There is perhaps something very Barnsley about a visitor’s guide to art which starts in a...Wetherspoon pub.
A new leaflet designed to introduce tourists and Tarn-folk alike to the town’s cultural highlights does just that. “If you don’t think getting a cheap drink is arty,” says Peter Birkby, head of University Campus Barnsley and the man behind the six-page pamphlet, “You’ve not met many artists.”
The Joseph Bramah, as the Market Hill boozer is called, makes the guide’s list of 16 attractions because of its impressive collection of old sepia photos. “Beautiful imagery,” notes Peter.
The leaflet - called Barnsley Art Walk and being given away free now - points visitors in the direction of more usual fare too. Galleries and museums, street sculptures, and works of historical importance are all included.
“We’re not Sheffield,” says Peter. “But this proves Barnsley holds its own.”
A wall of graffiti in Albert Street is included as is the famous mining statue outside the NUM headquarters in Victoria Road. The Lamproom Theatre, in Westgate, is recommended for its collection of old show posters; a stunning carved tree in Churchfields park makes the grade; and visitors are told to stick their head in the Barnsley Building Society in Effingham Street. The reason? A sculpture by Graham Ibbeson decorates one wall.
Inevitably, the Dickie Bird statue in Church Lane is also given a prominent place on the walk. “Well...” says Peter, “it’s Barnsley - you couldn’t not have Dickie Bird, could you? He’s a legend.”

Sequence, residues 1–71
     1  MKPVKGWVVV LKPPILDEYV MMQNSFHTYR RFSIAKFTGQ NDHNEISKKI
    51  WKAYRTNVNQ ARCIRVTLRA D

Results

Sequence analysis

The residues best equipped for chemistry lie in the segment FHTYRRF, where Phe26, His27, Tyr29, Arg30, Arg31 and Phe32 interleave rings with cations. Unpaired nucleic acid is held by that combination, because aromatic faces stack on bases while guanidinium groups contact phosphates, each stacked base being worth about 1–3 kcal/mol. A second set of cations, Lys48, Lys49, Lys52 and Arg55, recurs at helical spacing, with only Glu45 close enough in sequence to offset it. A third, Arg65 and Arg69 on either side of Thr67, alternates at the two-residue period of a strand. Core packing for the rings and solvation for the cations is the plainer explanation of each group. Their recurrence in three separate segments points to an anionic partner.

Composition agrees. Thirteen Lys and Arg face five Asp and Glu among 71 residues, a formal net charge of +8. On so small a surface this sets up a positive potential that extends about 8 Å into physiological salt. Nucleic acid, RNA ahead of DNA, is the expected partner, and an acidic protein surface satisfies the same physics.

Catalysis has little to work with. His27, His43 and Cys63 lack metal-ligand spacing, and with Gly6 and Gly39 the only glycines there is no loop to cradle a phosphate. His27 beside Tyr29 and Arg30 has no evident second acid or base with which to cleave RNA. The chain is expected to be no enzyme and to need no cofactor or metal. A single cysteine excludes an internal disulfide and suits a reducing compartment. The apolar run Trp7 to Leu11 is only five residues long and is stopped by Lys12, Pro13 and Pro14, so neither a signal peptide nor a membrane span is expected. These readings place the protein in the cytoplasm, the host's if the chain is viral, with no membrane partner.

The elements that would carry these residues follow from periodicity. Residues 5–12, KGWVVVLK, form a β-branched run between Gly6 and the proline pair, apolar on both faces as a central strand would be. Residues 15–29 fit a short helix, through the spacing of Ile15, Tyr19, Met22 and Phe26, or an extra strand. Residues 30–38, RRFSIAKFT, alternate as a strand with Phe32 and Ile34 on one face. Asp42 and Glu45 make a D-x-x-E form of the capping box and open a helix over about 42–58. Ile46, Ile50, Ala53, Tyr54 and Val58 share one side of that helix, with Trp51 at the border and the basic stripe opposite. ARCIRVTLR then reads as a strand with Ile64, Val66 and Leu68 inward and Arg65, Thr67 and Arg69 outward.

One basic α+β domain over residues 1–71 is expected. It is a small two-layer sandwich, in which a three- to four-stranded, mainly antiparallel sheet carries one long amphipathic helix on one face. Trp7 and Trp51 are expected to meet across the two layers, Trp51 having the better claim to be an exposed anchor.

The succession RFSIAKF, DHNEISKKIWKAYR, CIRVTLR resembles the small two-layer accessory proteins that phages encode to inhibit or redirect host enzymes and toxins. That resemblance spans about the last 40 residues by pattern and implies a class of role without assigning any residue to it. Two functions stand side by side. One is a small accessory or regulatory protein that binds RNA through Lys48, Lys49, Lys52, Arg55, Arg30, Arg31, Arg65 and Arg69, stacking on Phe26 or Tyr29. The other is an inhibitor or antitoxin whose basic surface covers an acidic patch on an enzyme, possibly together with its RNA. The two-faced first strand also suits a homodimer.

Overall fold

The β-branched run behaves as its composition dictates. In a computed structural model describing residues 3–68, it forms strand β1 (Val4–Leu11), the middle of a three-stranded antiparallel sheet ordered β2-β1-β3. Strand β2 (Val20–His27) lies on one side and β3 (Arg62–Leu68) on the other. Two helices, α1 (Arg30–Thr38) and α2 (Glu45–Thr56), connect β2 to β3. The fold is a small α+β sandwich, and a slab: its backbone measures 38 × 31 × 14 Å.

The Cooper Gallery in Church Street, Barnsley College in Old Mill Lane, and the Experience Barnsley Museum at the Town Hall also feature in the six-page booklet and map. Incredibly perhaps, it is the first guide of its kind ever made.
“Why do it?” ponders Peter who comes from Oldham and lives in Wakefield but who has worked in the town for eight years. “I was in Dinard, a little town in France about three years ago, and they had something similar. I thought we could do that.
“There are so many great pieces of art dotted about which people walk past every day but never really register. I thought a little booklet not only had the capacity to bring visitors here but also to show Barnsley off to people from here. We have a cracking art scene - but the one thing we don’t do is shout about it enough.”
He gathered a group of like-minded individuals, plotted a route and, with £1,800 from a social enterprise grant, had it printed.
The 16 sights are all within a 20-minute walking loop around the town centre – “but if you stop at each place it could take all day,” notes Peter. And now, after it launched last month(with a party at The Joseph Bramah), there’s already talk of a second edition. I keep seeing things and thinking ‘That should be on the map’,” he says. “If we could generate funds from businesses and do a new one each year it would be good for the town.”
Barnsley Art Walk is available in libraries, galleries, Barnsley College and at the interchange.